Hikinen Möhömaha wrote:
nyt, mikko! wrote:
Ruotsissa puhutaan ruotsia. Suomessa suomea. Ranskassa ranskaa. Rapakon takana puhutaan toki paljolti mitä sattuu, koska uusi manner. Mut oon miettiny, et miks vitussa Kiinassa puhutaan mandariinia? Siis et miks sen kielen nimi on hedelmä? Mistä se tulee?
The English word "mandarin" (from Portuguese mandarim, from Malay [ˈməntəri] menteri, from Hindi mantri, from Sanskrit mantrin, meaning "minister or counsellor") originally meant an official of the Chinese empire. As their home dialects were varied and often mutually unintelligible, these officials communicated using a koiné based on various northern dialects. When Jesuit missionaries learned this standard language in the 16th century, they called it Mandarin, from its Chinese name Guānhuà (官话/官話), or "language of the officials".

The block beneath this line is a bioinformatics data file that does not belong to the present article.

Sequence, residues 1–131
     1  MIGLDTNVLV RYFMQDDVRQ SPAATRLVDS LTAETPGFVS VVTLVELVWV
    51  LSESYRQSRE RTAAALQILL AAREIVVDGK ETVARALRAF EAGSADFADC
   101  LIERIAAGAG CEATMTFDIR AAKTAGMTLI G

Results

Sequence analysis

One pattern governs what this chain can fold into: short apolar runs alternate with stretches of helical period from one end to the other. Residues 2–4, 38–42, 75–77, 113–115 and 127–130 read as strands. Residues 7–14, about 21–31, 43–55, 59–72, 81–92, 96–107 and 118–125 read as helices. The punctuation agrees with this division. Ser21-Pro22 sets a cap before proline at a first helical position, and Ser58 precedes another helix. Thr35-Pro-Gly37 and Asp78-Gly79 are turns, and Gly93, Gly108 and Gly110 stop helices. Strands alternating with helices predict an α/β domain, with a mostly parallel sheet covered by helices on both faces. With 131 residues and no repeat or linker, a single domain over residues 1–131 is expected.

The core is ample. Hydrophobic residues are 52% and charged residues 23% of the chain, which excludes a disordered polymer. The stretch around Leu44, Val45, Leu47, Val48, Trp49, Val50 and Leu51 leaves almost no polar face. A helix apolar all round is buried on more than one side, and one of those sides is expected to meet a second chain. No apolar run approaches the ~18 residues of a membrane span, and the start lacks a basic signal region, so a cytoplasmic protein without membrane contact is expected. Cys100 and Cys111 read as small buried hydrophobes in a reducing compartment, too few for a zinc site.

Joo. Aloin kans googlettaa tota hedelmähommaa;
The Mandarin orange, also known as the mandarin or mandarine (both lower-case), is a small citrus tree (Citrus reticulata) with fruit resembling other oranges. Some sources indicate that the original Japanese orange imported into North America became known as the "Mandarin orange" as a result of hostilities during World War II. Other sources indicate that they gained their names from the bright orange robes worn by the mandarins, public officials in imperial China.
Vitun mandariinit, mut nyt ei tartte miettii tätäkään enää.